Samuel grew up, and the LORD was with him,1 SM 3:3B-10, 19
not permitting any word of his to be without effect.
I wasn’t planning to update the blog until its proper debut later this month, but when the Lord speaks, you listen. (No, really, that’s the theme of today’s first reading.) I’ve always been partial to 1 SM 3:3B-10, 19, but today the last line touched something deep inside me that I feel compelled to share.
One type of prayer that we Catholics practice islectio divina, which means “Divine Reading.” It’s one of my favorites, probably because I love reading so much! The idea is to let God speak to you through the chosen text. Typically you’re reading a passage from the Bible, but I believe that you can use any text. (In fact, my monthly staff meetings feature an opening segment called “Verse” which is basically lectio divina. We take turns bringing a passage — always something secular in context — and read it to our colleagues, letting the word inspire and motivate us or prompt our reflection.)
The first step of lectio divina is to read the entire passage, letting the words wash over you. Then, for the second step, you re-read the passage slowly and savor the words. You let a word or phrase stand out to you. For the third and final step, you reflect on that segment. You wonder why God is speaking to you in those words and ask yourself what he wants you to realize. Usually you choose to engage in lectio divina, but sometimes, like today when I was praying before Mass, you end up practicing lectio divina before you realize it.
If you’re not familiar with this reading, here’s a quick summary. Samuel is training with Eli, a High Priest of Shiloh. One night when Samuel and Eli are sleeping, Samuel hears a voice calling him, thinks it’s Eli, and goes to him… only to learn that nope, it wasn’t Eli. So he goes back to bed, but it happens a couple more times before Eli realizes that Samuel is hearing the voice of God. Being the best teacher ever, Eli tells Samuel how to respond the next time he hears the voice. Samuel does, and viola! You get the line that made me pause, “Samuel grew up, and the LORD was with him, not permitting any word of his to be without effect.”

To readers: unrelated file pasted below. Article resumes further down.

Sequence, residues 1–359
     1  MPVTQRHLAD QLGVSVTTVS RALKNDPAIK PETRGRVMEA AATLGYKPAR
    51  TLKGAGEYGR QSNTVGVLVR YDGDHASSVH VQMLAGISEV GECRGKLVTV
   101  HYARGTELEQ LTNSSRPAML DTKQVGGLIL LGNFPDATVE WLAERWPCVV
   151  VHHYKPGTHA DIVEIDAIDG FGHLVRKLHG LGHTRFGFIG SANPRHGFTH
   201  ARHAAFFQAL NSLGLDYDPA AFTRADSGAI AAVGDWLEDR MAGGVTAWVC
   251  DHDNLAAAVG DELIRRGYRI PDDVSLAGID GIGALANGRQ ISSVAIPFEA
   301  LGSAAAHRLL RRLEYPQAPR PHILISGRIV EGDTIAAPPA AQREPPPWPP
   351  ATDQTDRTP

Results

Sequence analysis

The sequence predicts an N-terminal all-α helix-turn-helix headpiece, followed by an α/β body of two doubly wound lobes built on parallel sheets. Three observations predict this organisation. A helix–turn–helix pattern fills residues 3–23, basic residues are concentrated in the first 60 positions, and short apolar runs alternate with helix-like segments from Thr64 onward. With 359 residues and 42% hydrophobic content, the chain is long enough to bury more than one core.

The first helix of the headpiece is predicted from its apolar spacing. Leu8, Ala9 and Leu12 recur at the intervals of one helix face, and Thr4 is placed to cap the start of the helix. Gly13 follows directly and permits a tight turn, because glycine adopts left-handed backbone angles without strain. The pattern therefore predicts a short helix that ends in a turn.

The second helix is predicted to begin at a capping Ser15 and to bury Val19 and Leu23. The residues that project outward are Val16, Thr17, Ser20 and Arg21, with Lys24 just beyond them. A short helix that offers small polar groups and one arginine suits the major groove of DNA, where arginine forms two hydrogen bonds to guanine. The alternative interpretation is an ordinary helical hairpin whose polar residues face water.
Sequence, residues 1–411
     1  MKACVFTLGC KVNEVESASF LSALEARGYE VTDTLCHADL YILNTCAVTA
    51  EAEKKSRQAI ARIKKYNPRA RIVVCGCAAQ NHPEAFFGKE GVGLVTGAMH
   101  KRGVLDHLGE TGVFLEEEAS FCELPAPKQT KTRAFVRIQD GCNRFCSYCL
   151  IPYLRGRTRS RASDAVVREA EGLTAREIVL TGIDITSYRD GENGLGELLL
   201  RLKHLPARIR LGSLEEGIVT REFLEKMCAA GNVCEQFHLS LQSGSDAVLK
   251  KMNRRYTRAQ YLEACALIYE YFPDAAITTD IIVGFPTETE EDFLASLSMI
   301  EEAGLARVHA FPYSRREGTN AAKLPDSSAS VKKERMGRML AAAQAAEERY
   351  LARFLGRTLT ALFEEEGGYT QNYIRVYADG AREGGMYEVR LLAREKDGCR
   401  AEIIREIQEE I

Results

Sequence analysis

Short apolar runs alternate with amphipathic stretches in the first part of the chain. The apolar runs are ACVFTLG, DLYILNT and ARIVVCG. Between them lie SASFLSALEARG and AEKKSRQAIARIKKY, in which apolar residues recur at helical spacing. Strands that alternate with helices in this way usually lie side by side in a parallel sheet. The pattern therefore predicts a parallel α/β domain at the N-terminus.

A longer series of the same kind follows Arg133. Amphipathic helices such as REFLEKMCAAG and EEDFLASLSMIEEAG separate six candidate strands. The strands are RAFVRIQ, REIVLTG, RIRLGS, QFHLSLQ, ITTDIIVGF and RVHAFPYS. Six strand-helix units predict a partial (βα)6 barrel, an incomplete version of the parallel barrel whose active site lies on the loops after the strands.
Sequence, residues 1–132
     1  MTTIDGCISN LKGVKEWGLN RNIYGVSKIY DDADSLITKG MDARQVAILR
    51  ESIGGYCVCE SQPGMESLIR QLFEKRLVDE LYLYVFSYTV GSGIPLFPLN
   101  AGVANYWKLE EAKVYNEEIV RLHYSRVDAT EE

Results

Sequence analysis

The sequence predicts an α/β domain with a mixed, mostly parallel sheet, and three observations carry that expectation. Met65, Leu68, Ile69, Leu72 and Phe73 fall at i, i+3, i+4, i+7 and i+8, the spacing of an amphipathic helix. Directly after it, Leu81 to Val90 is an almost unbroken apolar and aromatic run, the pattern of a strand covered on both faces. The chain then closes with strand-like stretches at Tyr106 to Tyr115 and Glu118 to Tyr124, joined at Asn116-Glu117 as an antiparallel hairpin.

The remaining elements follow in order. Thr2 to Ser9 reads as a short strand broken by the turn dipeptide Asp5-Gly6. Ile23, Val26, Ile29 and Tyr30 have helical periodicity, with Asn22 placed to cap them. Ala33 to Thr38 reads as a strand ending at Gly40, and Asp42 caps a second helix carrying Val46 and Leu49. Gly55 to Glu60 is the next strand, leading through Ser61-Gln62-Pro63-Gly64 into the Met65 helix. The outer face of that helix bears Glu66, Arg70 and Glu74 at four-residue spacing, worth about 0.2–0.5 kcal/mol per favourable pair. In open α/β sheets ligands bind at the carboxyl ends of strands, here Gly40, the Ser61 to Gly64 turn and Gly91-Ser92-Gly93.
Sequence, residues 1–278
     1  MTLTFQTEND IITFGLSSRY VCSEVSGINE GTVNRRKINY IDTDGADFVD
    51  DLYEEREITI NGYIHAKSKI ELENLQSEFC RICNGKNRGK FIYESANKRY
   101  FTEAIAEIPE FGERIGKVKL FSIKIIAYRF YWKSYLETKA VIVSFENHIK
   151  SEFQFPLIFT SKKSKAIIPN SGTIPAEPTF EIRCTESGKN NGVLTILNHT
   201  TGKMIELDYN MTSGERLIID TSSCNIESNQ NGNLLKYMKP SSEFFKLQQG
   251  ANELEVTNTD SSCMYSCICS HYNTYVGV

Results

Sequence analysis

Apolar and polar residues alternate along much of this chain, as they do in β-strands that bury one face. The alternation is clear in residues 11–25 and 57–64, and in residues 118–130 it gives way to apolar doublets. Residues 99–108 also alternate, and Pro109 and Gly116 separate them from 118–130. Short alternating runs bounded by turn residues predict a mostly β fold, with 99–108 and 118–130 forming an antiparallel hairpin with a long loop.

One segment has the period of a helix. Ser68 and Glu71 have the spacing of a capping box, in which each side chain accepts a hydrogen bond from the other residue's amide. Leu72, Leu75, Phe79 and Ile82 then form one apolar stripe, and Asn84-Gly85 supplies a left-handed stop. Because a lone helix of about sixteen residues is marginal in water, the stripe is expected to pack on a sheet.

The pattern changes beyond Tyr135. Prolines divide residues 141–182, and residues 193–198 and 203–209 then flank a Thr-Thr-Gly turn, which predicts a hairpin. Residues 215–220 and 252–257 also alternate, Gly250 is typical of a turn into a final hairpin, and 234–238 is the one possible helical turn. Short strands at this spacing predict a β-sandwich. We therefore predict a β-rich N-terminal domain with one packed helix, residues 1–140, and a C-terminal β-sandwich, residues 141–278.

Words matter. They have effect. And it is not I who has the words, but God. He helps put them into my mind, and he entrusts them to me so that I may do his work here on Earth. I do a lot of talking, so there are lots of opportunities to use my words for good effect (but also lots of opportunities for my words to do harm). Every time I speak or write, I should make sure that my words are going to have good effect.
Blogging is one way my words can have good effect. As I plan my content, I should reflect on my message’s potential impact. How are my words going to uplift someone? Can my message affirm them or inspire them? If something is bothering me in current events, can I refrain from ranting because my words might only stoke the fire? I think a lot of bloggers know intuitively that their words matter, but I’m not sure for how many that translates to a conscionable responsibility. I’d like to think that of the many blogs found on the Internet, mine stands out for its self-awareness about words’ effect.
You can find the full Sunday readings for today right here. What is God saying to you?